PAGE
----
“You got to go through the nitty and the gritty. Not only from a business perspective but from a life perspective”
Paul Hoffman Jr. – President & Co-Founder AIS Industries; Balancing Time; Redefining the American Dream; Being a father & businessman; An insane work ethic.
Segment 1: (Length :04:00) – General Updates; Introduction to Paul Hoffman and his journey as an entrepreneur; Entering the family business; Redefining the American Dream.
Paul’s finer points:
“Yeah, you know what, I feel very fortunate and blessed. With a family, my younger sister is our office manager. My father created the company 30 plus years ago. He’s a very old school, type A. I love him to death, he’s my best friend. We laugh and we joke, where it’s like old reruns of Orange County Chopper, where we can be on screen with each other and shake hands, and give each other a big hug.”
“It’s (our story) a classic, out of the garage, used welder started with a hundred dollar bill story. A lot of hard work, a lot of luck, a lot of commitment and a lot of sacrifice.”
“I did everything I could in my youth not to work for the family business. I tinkered in fabrication, and I didn’t feel like it was my … Shoot, I think sometimes it feels like it’s still even not something that I’m full blown passionate about. Again, that’s the duality of sorts.”
I remember sitting outside of a curb here in Tempe when I was in graduate school, and I had gotten word that my father had had his third heart attack, and I ended up going back to try to help and make that commitment.
“At that particular time, I was living with, now which is my ex-wife. I bought into the Beaver Cleaver American dream, the white picket fence and the 2.5 dogs and the two kids. Yeah, I mean, that’s the evolution of where my progression from a graduate student and pursuing a degree, and the emphasis was to be in sports psychology.”
“Yeah, I was grinding even up here, bartending, going to school, cleaning golf club, take golf courses, trying to network. Finally I made the decision to come back and work for the family business.”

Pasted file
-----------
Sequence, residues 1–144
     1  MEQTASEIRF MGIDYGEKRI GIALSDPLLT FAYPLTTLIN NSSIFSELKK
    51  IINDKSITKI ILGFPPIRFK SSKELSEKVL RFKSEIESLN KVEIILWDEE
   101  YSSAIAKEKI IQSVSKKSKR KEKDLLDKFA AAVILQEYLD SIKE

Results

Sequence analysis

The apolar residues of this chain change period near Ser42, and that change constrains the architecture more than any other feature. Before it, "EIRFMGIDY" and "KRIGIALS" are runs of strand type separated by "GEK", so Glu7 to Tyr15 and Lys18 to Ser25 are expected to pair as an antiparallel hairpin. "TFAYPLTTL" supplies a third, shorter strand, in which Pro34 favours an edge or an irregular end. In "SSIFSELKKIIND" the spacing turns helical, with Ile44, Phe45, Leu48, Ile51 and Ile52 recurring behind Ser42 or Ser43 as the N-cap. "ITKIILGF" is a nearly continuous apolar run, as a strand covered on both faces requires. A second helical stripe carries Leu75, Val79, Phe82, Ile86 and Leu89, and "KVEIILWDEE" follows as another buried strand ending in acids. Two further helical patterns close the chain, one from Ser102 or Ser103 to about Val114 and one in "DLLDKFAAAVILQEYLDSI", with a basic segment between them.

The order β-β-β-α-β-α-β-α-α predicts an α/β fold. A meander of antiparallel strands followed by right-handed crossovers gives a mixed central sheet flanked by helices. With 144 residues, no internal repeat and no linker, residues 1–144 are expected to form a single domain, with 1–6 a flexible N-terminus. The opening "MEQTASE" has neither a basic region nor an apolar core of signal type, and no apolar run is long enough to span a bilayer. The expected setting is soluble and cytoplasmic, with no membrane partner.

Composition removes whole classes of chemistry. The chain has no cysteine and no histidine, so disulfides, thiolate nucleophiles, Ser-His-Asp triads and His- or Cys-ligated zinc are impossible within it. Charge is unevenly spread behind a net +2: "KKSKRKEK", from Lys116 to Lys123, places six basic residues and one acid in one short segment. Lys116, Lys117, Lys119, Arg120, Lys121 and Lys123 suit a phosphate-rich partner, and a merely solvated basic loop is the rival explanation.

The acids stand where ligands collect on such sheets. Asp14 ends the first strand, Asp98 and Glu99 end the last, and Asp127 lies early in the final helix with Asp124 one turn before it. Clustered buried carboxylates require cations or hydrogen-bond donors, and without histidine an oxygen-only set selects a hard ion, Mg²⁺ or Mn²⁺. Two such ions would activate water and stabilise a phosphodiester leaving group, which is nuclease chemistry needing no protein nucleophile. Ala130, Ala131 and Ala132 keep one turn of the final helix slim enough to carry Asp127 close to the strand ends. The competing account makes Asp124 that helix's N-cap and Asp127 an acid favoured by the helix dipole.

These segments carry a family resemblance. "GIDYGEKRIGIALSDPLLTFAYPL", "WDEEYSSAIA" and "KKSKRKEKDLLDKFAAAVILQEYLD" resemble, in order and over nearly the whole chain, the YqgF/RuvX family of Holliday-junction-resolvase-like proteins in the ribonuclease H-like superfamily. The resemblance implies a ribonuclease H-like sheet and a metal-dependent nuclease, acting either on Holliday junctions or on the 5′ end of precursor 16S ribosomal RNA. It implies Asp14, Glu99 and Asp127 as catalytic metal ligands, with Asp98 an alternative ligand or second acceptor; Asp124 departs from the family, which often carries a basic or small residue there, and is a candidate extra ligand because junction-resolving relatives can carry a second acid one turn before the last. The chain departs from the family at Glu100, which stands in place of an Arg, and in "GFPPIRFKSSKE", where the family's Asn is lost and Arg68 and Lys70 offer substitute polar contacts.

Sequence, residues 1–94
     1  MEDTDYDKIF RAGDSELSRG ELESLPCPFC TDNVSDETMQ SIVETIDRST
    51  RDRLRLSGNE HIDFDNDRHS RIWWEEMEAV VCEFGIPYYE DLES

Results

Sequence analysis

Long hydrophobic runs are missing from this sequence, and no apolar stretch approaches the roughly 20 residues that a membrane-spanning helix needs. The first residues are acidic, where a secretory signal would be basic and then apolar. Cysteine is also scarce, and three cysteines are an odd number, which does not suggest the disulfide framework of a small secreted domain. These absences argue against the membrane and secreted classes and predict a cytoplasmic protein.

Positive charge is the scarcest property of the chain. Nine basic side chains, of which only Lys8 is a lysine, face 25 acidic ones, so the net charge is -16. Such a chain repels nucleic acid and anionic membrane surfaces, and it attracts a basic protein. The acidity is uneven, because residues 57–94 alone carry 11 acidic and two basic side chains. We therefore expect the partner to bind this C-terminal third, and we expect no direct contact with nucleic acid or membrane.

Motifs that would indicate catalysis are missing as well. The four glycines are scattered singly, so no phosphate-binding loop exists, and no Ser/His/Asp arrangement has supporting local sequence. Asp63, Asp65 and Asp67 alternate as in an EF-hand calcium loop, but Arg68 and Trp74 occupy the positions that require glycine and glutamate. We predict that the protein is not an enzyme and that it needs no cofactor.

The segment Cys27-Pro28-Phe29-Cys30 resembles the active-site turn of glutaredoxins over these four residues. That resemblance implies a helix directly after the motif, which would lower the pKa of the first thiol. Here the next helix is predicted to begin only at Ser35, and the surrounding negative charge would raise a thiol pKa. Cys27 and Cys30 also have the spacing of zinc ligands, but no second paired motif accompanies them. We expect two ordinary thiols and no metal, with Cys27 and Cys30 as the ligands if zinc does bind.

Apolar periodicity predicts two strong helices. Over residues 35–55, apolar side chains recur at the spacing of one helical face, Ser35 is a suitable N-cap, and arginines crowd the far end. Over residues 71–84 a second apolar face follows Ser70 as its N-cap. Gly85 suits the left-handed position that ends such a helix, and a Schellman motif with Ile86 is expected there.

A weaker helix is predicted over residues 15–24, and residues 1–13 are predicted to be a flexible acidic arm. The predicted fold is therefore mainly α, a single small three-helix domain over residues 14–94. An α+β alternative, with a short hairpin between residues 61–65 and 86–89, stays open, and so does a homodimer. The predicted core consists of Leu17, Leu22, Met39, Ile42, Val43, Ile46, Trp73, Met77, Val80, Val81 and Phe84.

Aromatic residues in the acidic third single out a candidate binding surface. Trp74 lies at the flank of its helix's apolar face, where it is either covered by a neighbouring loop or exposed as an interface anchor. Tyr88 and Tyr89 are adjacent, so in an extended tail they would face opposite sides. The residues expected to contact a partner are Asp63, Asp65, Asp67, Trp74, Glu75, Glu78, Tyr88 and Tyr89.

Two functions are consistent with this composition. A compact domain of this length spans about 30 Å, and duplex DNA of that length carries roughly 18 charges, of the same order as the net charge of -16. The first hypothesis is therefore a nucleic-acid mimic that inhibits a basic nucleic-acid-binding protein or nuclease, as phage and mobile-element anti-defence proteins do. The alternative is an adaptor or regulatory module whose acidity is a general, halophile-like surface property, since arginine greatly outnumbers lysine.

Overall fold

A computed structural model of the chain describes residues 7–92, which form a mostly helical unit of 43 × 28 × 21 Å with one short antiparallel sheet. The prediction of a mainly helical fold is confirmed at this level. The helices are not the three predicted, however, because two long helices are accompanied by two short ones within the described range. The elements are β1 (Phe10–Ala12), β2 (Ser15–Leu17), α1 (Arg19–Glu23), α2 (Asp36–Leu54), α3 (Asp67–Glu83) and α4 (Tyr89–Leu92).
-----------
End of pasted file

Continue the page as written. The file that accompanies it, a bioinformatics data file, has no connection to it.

“My version of grind is I’m Joe Lunchpail. I’m your normal guy. My days start at 3:30 in the morning and end when it’s done. The glamorization for me, it seems to be something where I think many people really don’t understand what it takes. They think it’s sexy. They think it’s glamorous, they think it’s something that is unique in their own way.”
Mine is I go to work every day. I manage. I'm a father. I try to take care of myself. Those are my tools of measurement. I can go to work every day and I have something either, my staff or myself, we have something tangible that I can physically touch, visit, freak out about, you name it. That's my interpretation to it.
“Everybody thinks it’s sexy, and I think that correlates also with the restaurant industry. People think its sexy to own a restaurant and bar, but they don’t want to put in the 120 hour work weeks.”
“I mean, it’s a very unique … I’ll say it’s a beautiful business but then simultaneously it’s very incestuous. Understanding value and value of time is critical. I mean, it’s a very unique dichotomy in food service and design, fabrication. You deal with a multi-faceted group of individuals, I’ll tell you that much.”
Segment 2: (Length :08:00) – Talking with Paul Hoffman Jr.; Balancing time; Being a father and a businessman; Elevating his business acumen.
Paul’s finer points:
(on finding balance) “I mean, pivotal for me was in 2007, my now ex-wife, as I spoke earlier we sold into the American dream. I did everything my entire life the right way as society tells you to do it. We were pregnant with two identical twin boys. Unfortunately she contracted a number of different, severe medical conditions from HELLP syndrome to pre-eclampsia, and the boys were delivered very early.”
“For me, from a balance, to life, to extrapolating everything that I can and in this journey as I speak of it, to me that’s when it began. From that moment, I made a decision that I would attempt to live my life in the most honorable way that I can.”
“When people ask me how many children I have, I say four. The two little guys, Parker and Ethan, they passed away. God was gracious enough to give me Carter and Easton, but also the things that come with all of that.”
To answer your question in long format, it's like I'm learning tidbits every single day. Working, I work my butt off. I work my butt off being a great Dad, a business owner, and in attempts to being a human being, so I have to find it when I can find it, and utilize it and tap into it when I can. It's a lot!
“The dawn that I think of or this new hybrid of the strategic entrepreneur businessman or woman, I think you have to have that split of both tapping into your humanistic abilities and being mindful of things, but also being a gangster when it means to be gangster.”
“It’s really having the opportunity to being very confident in what it is that we do, where we now have the opportunity to pick who it is that we work with. Having the balls, for a lack of better words, to get up from that table if you don’t think it’s a good fit, or the money’s not right, or there’s not profit in those jobs, but then doing it in a diligent way, not in an arrogant or ego-filled way.”
“It’s really, it’s just understanding and identifying as quickly as you can from a distance how to navigate through those torrential waters or potential catastrophic implosions of sorts.”
“There’s no greater satisfaction then peace of mind.”
I think that very early on in my career as a professional in this industry, I was a yes-man. Everything that was coming my way I wanted to take, and I wanted to run with it and make it my own. Before you know it I was tapped.